Biotech leaders recognized for industry contributions

The LIVE award recognizes leadership, innovation, vision and entrepreneurship of individuals or organizations contributing to South Dakota Biotech and furthering bioscience to heal, fuel and feed the world.

This year’s LIVE Award recipient, South Dakota Innovation Partners, was selected for its visionary leadership in starting companies in South Dakota that are dedicated to the commercialization of biotech research from our university system.

With founding support from Fishback Financial Corp. chairman Van Fishback, the 10,000-square-foot wet lab facility Brookings BioSpace helped advance the work of SDSU faculty entrepreneurs before the university’s research park was conceptualized. Fishback then was part of a group of leaders who recruited Mark Luecke back to his home state to form South Dakota Innovation Partners.

Luecke then wrote a business plan that included securing $6 million in early-stage investor commitments. With this initial funding, the accomplishments of South Dakota Innovation Partners were impressive:
  • 2,000-plus invention disclosure forms reviewed.
  • 100-plus patent applications filed.
  • 20-plus license agreements executed.
  • 10 startup companies formed.
  • 25-plus grant proposals submitted per year.
  • Multiple entrepreneurial development programs started.

“South Dakota Innovation Partners has achieved a 500-times return on a state grant that they received to get started, they have helped secure over $250 million of investment capital for their projects, they have helped create over 200 new jobs, and they have helped create over $100 million in annual recurring value for the region,” said Joni Ekstrum, executive director of South Dakota Biotech. “This organization epitomizes the qualities of the LIVE Award.”

The South Dakota Biotech Distinguished Collaborator Award was established to recognize those advancing biotechnology by building effective, collaborative relationships with academia, government and industry, and contributing to the biotechnology sector in South Dakota.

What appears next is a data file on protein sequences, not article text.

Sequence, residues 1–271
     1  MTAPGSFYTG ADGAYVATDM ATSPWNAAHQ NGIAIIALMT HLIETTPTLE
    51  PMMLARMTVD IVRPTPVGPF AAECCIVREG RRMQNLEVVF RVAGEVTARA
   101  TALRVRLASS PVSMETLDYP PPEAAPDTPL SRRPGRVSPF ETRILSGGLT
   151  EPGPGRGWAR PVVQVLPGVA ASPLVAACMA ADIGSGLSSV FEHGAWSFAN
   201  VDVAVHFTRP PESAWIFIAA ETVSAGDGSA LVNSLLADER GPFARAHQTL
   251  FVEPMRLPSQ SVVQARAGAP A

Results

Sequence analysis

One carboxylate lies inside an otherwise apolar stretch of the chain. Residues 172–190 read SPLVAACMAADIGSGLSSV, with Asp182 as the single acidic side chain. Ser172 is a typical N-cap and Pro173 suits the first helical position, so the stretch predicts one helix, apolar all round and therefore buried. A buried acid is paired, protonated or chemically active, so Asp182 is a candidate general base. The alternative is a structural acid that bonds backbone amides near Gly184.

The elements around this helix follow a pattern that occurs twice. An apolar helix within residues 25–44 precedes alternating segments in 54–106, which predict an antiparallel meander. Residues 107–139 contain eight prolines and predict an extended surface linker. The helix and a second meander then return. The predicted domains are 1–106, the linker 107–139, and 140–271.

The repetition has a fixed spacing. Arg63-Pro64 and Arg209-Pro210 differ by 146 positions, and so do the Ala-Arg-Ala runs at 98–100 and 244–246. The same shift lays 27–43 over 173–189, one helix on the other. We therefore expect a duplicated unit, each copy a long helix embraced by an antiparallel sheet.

This year’s Distinguished Collaborator is Katherine Cota, director of economic development at Dakota State University.

Cota has more than 20 years of experience launching entrepreneurial centers at the University of Northern Iowa and California State University. She was instrumental in the success of the FAST Launch Program by holding training sessions and workshops for more than 55 entrepreneurs across the state.

Many of these people successfully participated in the Governor’s Giant Vision Competition. Six of the 10 finalists in the business category of the Giant Vision Competition were FAST Launch participants as was the winner in that category. In the student category, six of 10 finalists had participated in FAST Launch, including the student winner.

“As if that wasn’t enough, Katherine spent countless hours mentoring these applications one on one,” Ekstrum said.

“Katherine’s dedication to developing entrepreneurs and her ability to create relationships in the community necessary to do the work make her deserving of this award.”

Finally, South Dakota Biotech announced that the state of South Dakota declared Oct. 11 – the date of its annual summit – Kevin Kephart Day, in honor of Kephart’s years of dedication to the industry.

Since 2021, Kephart has served as the deputy director of the Institute of Bioenergy, Climate and Environment in the USDA National Institute of Food and Agriculture. Before that, he was director of scientific engagement and communications for Massachusetts-based Indigo Ag. Inc., which develops microbial endophytes to enhance crop production without additional synthetic chemicals or irrigation. He joined Indigo in 2017 after retiring from a 30-year career at South Dakota State University, where his roles included serving as vice president for research and economic development.

In that role, he led $70 million in annual research growth, while his time spent creating the Sun Grant Initiative led to opportunity for ongoing research projects that enhance the state’s economic growth. His understanding of intellectual property and the need to commercialize research led to the first technology transfer office in the state of South Dakota. And his career included serving in a variety of leadership roles, fostering strong organizational growth through the expansion of strategic partnerships in fields such as crop breeding and genetics, biotechnology, human nutrition and microbiome, pharmaceutical sciences and precision agriculture.

“Kevin also spent more than a decade helping build South Dakota Biotech into the thriving organization it is today while supporting the industry statewide,” Ekstrum said. “It was an honor to be able to share Gov. Noem’s proclamation recognizing his outstanding service.”
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